The behind-the-scenes aspect of the funeral industry is one that remains a mystery to many people. Often because we don’t care to know the gritty details of death and burial, and sometimes because we aren’t sure what kinds of questions to ask, or what funeral directors and funeral homes do to care for your loved ones isn’t always widespread knowledge.
One of the often overlooked details of burial is what happens during the winter months in colder climates, when the ground is frozen. Frozen turf is difficult (and expensive) to dig into, especially at the depth required for human burial. When combined with other harsh winter hazards like unplowed roads, unsafe driving conditions, and the snowfall on the cemetery itself, the results are not conducive to immediate burial. That’s why many of the colder states (think Alaska and North Dakota) have contingency plans in place.
Burial in Cold Climates
Few states have laws in place to regulate winter burials. Some, like Minnesota, Wisconsin, and New York, require burial in the winter regardless of weather conditions. Others might allow you to opt for a “cold storage” option to avoid the heavier fees of opening a grave in the winter.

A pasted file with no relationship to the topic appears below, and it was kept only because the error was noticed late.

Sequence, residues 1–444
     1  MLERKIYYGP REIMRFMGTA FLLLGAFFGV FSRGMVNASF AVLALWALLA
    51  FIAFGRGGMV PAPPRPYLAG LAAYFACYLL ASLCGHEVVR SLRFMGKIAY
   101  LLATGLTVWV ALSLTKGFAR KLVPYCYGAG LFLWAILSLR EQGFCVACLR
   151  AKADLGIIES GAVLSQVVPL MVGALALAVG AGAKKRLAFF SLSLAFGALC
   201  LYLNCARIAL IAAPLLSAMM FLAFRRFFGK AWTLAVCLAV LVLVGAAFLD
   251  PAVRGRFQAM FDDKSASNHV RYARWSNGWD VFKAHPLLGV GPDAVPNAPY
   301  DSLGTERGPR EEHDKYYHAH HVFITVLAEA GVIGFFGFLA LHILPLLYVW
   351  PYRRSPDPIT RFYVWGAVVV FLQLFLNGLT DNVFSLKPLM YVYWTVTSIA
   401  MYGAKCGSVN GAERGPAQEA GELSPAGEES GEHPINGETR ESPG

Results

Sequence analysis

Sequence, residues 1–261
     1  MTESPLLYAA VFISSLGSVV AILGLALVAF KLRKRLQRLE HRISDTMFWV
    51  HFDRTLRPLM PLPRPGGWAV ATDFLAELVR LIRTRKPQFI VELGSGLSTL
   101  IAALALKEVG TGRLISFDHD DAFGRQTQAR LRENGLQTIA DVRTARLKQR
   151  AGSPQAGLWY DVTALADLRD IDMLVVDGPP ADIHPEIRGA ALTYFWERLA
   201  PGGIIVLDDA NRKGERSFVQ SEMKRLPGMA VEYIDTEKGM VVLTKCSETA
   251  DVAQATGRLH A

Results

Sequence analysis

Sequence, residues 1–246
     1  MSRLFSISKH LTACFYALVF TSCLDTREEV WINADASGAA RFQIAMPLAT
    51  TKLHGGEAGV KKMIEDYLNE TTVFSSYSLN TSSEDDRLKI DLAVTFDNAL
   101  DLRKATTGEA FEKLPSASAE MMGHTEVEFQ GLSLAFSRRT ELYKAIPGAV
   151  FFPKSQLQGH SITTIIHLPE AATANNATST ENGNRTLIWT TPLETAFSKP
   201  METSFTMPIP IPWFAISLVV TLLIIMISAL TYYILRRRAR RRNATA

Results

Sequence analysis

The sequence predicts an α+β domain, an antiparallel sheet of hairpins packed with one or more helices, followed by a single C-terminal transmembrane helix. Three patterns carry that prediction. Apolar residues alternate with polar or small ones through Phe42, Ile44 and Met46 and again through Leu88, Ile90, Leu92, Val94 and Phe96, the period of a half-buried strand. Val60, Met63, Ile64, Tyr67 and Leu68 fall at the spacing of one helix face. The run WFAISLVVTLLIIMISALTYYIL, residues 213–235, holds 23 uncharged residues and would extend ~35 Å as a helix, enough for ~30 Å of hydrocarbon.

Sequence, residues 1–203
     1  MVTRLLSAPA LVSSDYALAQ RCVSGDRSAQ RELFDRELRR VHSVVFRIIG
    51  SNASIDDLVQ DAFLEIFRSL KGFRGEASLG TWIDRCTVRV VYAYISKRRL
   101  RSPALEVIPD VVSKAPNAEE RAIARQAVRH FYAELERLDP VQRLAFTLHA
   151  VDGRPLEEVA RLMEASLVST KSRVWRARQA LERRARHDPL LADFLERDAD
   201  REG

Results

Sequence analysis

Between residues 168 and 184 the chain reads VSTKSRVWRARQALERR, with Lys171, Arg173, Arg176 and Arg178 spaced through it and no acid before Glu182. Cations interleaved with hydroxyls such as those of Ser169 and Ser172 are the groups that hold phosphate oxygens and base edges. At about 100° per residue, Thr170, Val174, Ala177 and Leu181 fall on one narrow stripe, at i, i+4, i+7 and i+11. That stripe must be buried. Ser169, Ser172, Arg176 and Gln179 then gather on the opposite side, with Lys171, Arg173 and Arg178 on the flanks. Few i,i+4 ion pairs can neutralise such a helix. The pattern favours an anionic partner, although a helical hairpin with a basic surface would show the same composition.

In this instance, “cold storage” isn’t as terrible as it seems. Funeral directors may keep bodies in cemetery crypts or inside the funeral home until a date when the ground thaws enough to allow for burial. This practice is one that has existed for hundreds of years. If winter burials are difficult in our age of backhoes and jackhammers, it’s easy to imagine how hard it would have been in centuries past. And because older generations didn’t have access to morgues and other indoor body storage options, it was common to keep bodies in a crypt until spring.